What’s In A Question? Perhaps More Of Your Authentication Than You Realize

Written by Evan Schuman
February 10th, 2011

True story from a reader: A customer tries to log into his mobile phone account. He types his password several times, but he can’t get in, and eventually the account is locked. Must have mis-keyed either the login or password, he figures. No problem, though, because the system asks him to enter his phone number, and then asks a security question: “What is your favorite ice cream flavor?”

The customer doesn’t remember setting up this security question, but he guesses “vanilla.” That works, and the system asks him to enter a new password. Once that’s done, he has full access to the account—which he quickly discovers belongs to someone else, because he mistakenly typed in a phone number that’s off by one digit. Oops.

Retail IT spends lots of time and effort trying to get employees to use secure passwords. It’s harder to keep customers in line, but they can at least be prodded to choose longer, harder-to-guess passwords. Still, that’s all wasted effort if the fallback security challenge question is ludicrously simple to guess. Favorite sports team? Favorite restaurant? Favorite band? Favorite vegetable? There’s some security there. But favorite ice cream flavor? Way too easy.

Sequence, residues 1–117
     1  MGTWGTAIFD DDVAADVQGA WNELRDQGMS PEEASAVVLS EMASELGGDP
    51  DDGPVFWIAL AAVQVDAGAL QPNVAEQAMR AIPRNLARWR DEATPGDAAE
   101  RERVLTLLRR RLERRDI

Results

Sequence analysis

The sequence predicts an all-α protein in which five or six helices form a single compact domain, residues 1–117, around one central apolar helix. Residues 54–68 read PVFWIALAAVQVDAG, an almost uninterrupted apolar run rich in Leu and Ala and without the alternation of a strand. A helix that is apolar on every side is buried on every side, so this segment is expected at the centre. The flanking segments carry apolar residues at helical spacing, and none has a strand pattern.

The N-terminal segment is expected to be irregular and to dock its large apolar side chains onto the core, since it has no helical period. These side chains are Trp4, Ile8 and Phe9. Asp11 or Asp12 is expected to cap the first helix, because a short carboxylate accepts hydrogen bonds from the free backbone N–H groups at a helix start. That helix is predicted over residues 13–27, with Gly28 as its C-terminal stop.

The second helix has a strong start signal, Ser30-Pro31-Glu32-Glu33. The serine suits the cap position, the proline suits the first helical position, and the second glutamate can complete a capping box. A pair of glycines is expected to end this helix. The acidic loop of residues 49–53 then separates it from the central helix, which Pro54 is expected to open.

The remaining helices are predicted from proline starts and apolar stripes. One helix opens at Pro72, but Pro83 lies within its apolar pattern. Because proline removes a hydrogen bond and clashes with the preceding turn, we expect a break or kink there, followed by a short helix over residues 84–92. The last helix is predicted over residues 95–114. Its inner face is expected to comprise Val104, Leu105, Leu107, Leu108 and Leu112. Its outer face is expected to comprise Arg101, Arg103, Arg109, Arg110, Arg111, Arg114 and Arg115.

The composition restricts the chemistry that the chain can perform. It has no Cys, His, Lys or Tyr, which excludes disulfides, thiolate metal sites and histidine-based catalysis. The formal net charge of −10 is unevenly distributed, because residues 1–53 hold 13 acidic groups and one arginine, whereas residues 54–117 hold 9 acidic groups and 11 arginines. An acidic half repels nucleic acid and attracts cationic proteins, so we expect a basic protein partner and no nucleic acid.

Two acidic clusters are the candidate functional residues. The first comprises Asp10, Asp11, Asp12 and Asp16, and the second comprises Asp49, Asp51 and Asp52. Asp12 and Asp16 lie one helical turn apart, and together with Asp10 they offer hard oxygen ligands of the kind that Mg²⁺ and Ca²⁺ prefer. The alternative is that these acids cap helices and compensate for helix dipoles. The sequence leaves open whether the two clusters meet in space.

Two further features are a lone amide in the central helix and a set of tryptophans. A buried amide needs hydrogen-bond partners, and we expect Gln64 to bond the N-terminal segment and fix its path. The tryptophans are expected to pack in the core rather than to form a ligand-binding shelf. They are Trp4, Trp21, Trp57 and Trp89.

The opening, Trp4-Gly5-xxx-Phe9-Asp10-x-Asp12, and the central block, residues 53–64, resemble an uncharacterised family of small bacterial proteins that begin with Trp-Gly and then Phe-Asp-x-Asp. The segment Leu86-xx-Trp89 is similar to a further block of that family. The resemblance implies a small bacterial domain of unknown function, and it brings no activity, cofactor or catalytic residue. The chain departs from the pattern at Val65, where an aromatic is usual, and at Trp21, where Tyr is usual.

For the record, vanilla is actually the favorite ice cream flavor of only 22 percent of Americans, according to a 2009 Harris poll. Vanilla wasn’t even the top pick; 27 percent named chocolate. That still makes either choice a likely answer for a decidedly lame security challenge.

Yes, passwords are the best security you’ve got for customers today, and longer and more complex is better—most of the time, anyway. And true, challenge questions will always be a relatively weak link in the security chain; a dedicated thief will do the research to discover the mother’s maiden name, high school mascot or first employer of a targeted victim. And yes, a security system that dumps the user of a locked account into a password reset system and then allows the user to re-select what account he’ll be resetting the password for, is hopelessly flawed anyway.

Still, it’s probably worth bolstering your second line of defense with a little more thought and creativity. That way, your customers’ long, complex passwords aren’t backed up by a challenge question that’s plain vanilla.


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